I finally did it. I went ahead and bought a 3D printer.
This new tool is going to probably be the subject of a lot of new videos. Until then, I thought I might share my thinking in terms of making the decision on what to buy.
This is really where you're probably going to start your shopping. My budget was in the neighborhood of $1200. My research told me that this was going to put me at the high end of hobbyist-level printers. To get anything significantly better you really need to jump up to about $1800-$2000. If you just want to dabble but don't have a lot of money to spend you can actually find printers that start out at about $300. I don't think that you're going to get much in the way of print fidelity but the fact that you can get in at that price level at all is pretty amazing.
With my budget pretty much fixed I had another big choice to make. There are actually a couple of different types of 3D printers I could buy with this budget. The most common type is the Fused deposition modeling (FDM) printer and I certainly had a lot of options there, but there is also now at least one Stereolithography (SLA) printer available in this price range now. In fact, when I asked one of my friends in the special effects industry to ask around to see what people recommended, this is the one that came up.
The XYZ Printing Nobel 1.0 - looks like a pretty cool 3D printer. Because it's an SLA printer it also means that it's capable of better resolution than most FDM printers. There's a couple of downsides, though. First, SLA printers use a liquid resin that it cured by laser. The liquid resin is smelly and messy. When your print is complete you have to clean it up in alcohol in order to get rid of the uncured resin. On top of that the resin is really expensive so your cost per print is going to be significantly higher than FDM. Still, the resolution was tempting. I think the two main reasons were cost and reliability. On the reliability side there were some reviews that pointed out that they were getting some unexplainable errors with the hardware or the prints. Not everybody had these problems, but since there were so few reviews it was hard to say how often these errors actually came up. It made me nervous enough to give it a pass. Still, it was tempting.
So it was to be an FDM printer after all. It was really a matter of deciding which one. There were a number of considerations once we got past what I wanted to spend. The main ones were ease of use, print size, print resolution and general reliability.
I wasn't too concerned about ease of use. I mean, I do a pretty good job of figuring out how things work. I'm no Luddite and I've been teaching myself new skills for years. On the other hand, it would be nice to be able to jump in and just start going. I did look at some 3D printer kits. You can save a bit of money if you don't mind putting one together yourself. On the other hand, my time is valuable and I don't like the idea of having to troubleshoot something like this knowing that I might have screwed it up myself. Better to get something with a warranty that was ready to go. So the kits were out.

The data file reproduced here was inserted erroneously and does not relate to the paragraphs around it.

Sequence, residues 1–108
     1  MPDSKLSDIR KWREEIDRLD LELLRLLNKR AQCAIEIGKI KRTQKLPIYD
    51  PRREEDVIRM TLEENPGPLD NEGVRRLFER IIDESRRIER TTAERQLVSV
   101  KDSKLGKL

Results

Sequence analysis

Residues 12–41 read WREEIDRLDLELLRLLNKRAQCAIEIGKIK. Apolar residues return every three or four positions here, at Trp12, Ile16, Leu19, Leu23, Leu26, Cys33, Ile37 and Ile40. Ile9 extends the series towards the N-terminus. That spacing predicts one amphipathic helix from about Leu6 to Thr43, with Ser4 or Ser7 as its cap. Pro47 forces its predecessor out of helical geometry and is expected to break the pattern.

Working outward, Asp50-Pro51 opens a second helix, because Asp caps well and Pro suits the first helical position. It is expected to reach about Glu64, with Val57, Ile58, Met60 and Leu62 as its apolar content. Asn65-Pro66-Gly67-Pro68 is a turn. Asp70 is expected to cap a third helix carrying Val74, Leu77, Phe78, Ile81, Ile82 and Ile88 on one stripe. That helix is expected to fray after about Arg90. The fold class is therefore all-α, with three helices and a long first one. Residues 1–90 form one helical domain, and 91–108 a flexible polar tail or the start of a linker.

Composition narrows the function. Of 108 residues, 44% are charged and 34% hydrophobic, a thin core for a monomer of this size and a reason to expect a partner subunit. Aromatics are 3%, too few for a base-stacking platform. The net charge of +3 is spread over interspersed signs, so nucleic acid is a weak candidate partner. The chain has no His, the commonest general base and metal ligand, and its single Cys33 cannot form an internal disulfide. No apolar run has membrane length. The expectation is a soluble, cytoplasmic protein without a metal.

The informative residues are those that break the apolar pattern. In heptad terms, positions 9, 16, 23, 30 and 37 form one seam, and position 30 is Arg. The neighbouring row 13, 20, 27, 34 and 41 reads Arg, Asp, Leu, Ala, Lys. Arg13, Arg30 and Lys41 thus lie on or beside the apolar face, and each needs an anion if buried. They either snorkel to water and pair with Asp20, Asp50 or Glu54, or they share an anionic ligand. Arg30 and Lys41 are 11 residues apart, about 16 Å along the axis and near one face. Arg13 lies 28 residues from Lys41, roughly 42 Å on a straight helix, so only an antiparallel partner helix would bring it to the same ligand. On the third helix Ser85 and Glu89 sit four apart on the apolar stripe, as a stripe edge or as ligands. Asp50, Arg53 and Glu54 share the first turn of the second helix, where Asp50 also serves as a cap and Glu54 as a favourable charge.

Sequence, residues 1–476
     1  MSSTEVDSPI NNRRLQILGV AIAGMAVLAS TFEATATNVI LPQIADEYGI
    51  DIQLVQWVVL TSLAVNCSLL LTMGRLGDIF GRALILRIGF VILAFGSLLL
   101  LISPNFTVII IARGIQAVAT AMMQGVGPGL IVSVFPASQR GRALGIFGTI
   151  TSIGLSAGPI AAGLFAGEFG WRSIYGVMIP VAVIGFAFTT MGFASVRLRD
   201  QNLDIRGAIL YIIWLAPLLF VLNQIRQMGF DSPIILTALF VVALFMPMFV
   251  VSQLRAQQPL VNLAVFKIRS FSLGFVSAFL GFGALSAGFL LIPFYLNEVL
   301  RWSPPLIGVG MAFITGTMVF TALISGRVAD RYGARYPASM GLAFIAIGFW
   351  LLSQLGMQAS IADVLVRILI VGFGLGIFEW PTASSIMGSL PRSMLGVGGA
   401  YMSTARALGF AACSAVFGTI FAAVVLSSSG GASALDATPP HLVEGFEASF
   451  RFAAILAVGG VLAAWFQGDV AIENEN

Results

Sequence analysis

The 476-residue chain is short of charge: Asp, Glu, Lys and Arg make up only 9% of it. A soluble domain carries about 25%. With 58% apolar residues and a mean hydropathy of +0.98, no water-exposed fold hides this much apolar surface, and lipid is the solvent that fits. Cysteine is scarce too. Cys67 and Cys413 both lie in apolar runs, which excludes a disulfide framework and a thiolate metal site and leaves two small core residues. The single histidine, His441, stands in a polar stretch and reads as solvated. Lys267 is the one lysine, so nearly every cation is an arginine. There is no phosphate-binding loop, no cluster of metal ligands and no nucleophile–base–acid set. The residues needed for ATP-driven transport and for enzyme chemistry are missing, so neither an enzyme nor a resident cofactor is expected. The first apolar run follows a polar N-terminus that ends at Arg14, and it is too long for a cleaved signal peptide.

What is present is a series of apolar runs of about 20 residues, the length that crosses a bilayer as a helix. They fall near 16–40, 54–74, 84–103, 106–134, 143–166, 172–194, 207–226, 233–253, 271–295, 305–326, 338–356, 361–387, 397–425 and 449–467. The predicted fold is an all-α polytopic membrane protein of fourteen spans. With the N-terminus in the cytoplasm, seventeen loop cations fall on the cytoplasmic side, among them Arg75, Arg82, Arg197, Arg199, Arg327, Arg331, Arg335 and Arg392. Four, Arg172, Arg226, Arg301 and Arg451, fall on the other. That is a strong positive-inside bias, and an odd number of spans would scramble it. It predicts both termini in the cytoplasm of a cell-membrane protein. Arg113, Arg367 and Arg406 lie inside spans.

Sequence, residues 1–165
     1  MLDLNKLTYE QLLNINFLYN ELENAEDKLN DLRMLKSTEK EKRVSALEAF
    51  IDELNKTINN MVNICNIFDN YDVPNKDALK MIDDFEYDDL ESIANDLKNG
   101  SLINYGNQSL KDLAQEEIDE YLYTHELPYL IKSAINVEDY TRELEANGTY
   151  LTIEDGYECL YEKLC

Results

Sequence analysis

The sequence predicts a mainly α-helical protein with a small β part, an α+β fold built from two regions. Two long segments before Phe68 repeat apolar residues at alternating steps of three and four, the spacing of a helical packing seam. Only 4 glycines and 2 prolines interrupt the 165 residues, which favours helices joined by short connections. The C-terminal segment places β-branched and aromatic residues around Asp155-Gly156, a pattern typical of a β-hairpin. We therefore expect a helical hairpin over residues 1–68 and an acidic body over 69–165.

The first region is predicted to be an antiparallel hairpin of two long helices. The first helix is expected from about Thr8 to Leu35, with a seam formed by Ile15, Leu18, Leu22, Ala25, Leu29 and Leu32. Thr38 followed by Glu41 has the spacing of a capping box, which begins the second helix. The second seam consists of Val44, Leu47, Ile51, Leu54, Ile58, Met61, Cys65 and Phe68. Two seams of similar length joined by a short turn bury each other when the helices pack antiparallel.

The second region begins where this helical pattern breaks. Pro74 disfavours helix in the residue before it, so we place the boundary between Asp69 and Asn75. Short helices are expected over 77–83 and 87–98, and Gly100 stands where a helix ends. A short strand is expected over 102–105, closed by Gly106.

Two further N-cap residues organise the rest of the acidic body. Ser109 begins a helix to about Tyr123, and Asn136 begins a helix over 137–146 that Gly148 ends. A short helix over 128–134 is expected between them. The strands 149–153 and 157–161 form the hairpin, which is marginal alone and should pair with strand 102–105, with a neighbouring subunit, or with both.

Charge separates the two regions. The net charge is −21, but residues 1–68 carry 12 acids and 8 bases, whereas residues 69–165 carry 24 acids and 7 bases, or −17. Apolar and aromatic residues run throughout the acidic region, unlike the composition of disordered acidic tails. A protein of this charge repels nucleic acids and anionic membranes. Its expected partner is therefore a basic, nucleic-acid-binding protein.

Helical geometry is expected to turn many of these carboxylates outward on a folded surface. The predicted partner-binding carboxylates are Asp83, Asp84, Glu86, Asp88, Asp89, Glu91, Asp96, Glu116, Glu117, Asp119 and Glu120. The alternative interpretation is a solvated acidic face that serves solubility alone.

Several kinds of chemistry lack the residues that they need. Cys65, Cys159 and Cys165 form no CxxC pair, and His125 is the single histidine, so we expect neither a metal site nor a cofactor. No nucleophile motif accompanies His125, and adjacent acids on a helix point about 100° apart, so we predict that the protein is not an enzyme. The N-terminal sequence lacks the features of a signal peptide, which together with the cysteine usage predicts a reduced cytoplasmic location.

Print size is actually a pretty big dividing line. Most of the printers in my price range print somewhere in the range of 5-6" cubes. Some might have one axis that will do better but for the most part they're in that same range. To get anything much bigger means jumping up to the more expensive options. So I was going to be looking to see what the largest ones in my range were.
Resolution is generally listed in the minimum height per layer and generally listed in microns. At the high end printers will generally do between 50 and 20 microns (that SLA printer would do 20 as well). At my price range it was generally 50-100 microns. On the low end it's between 100 and 200 microns. Obviously I wanted as low a number here as possible.
General reliability is a gut check. This is when reviews become really important. I spent a LOT of time looking at reviews and trying to see if any complaints came up regularly. This mostly meant a lot of reading and this was one of the reasons I passed on the SLA printer.
It actually didn't take took long to find what seemed to me to be the best overall printer for my money. I decided to go with the Lulzbot Mini. It's a fairly new printer on the market but the company who makes it has been around a while (in 3D printer years anyway). Even so, there are a ton of reviews out there for it and the overall opinion is that this is a really good printer for the money. When people complain about it at all it's usually because it uses a filament size that isn't the more common size of filament (though based on my research, this doesn't seem to be a hindrance in any significant way). Oh, another downside is that unlike many printers this one requires that it be connected to a computer for the duration of its print cycle. A lot of people seemed bummed about that. I'll probably end up using a little Raspberry Pi-sized computer that I have to use as a dedicated print machine for the printer so I don't have to leave up of my other machines tethered to it for hours at a time.
Anyway, the printer has been ordered and I should have it in hand in a few days. I'm excited to see how I can fit this new tool into my modeling and gaming hobbies as well as into my business. I'll be sure to keep you up to date on my progress.